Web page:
Martin Luther King's Work Not Yet Done
But we should remember MLK as modern-day founding father: opinions
By Evann Gastaldo, Newser Staff
Posted Aug 28, 2013 1:50 PM CDT
The Rev. Dr. Martin Luther King Jr.   (AP Photo)

(Newser) – Fifty years later, tributes to Martin Luther King Jr.'s "I Have a Dream" speech—and reflections on the speech and the man—abound. A sampling:

  • King was a modern-day founding father, "equal to Jefferson, Adams, Madison, and Hamilton," writes Nicholas Burns in the Boston Globe. He helped to eliminate Jim Crow laws, changing the country permanently. He preached nonviolence and hopefulness "rather than hatred and revenge." Ultimately, he helped to create the America that elected a black president. And all of that makes King "the most significant American since Lincoln."

  • And his speech is one of the rare ones that has the power to "echo across generations," declares a Guardian editorial. That's because it spoke, powerfully, to both black and white listeners. And though "the dream remains unfinished business," that fact simply "reinforces the power of that moment when Dr. King found the words to make people be better than they were, and the speech's enduring power to inspire."
  • In the Washington Post, Martin Luther King III agrees that his father's work is not yet done. "Too many Americans have inadequate opportunities to escape poverty, joblessness, discrimination, social neglect, and violence," he writes, and "African-American youth still have good reason to fear racially motivated violence." He concludes with a simple question: "What is each and every one of us doing to realize the dream of freedom, justice, and equality for all?"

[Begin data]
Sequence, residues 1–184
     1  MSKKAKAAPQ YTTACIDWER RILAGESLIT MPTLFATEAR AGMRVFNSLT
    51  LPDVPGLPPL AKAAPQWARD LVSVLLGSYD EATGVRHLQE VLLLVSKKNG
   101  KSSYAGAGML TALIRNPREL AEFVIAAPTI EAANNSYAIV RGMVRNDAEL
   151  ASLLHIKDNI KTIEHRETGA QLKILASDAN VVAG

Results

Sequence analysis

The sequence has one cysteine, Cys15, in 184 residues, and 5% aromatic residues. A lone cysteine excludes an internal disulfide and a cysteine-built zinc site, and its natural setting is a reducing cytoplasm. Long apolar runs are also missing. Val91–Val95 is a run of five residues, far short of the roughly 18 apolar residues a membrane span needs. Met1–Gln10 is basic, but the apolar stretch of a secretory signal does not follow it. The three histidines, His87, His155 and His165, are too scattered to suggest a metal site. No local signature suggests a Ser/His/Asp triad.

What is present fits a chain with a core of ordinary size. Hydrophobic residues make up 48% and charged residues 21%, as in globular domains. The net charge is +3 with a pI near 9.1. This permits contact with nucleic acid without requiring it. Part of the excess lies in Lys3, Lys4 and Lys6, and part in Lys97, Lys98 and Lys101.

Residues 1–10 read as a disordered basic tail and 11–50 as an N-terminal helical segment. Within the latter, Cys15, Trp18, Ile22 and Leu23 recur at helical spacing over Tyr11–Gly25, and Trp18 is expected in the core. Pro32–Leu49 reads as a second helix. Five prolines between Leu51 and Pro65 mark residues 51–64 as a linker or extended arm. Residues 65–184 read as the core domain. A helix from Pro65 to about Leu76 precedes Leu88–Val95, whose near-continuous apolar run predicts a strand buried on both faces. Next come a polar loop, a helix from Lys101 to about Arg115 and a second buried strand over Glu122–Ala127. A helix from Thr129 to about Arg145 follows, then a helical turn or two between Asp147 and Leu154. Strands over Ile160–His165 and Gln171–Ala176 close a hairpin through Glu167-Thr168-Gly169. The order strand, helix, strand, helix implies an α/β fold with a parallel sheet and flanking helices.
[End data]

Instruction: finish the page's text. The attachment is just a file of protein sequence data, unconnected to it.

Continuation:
Click for more on the celebration of King's speech.

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Showing 3 of 23 comments
hog_one
Aug 30, 2013 4:36 AM CDT
Dr. King was a very good person and did see an injustice and try to correct it. I admit there is much more that can and should be done. But with that said, the idea that Dr. King had has taken a turn from what I feel was his direction. Until the African-American race is willing to accept that they also have a problem within themself, with reguard too how they treat others of their race, and stop blaming the white race for all their problems. Yes, the white devil did cause some of the problem, but not all the problem. I see on the news almost daily, were someone has been killed and the police show-up, didn't see anything officer. But they were shot right in front of you, didn't see anything officer. As the old saying goes, you can not help someone, who will not help themself. Now that I have stated my opion, you can rant, rave call me names all you want. I may want to respond, but I shall not.
cornelison
Aug 29, 2013 2:35 PM CDT
We've regressed, thanks to the extreme right. Republicans in power shamed themselves. They worry more about their jobs than millions of black Americans. The GOP is dying and their claim to power includes a process of stealing votes, lying and ignoring the needs of the vast majority of Americans.
sickdaddy
Aug 29, 2013 9:26 AM CDT
This is an obvious statement reading the comments on newser.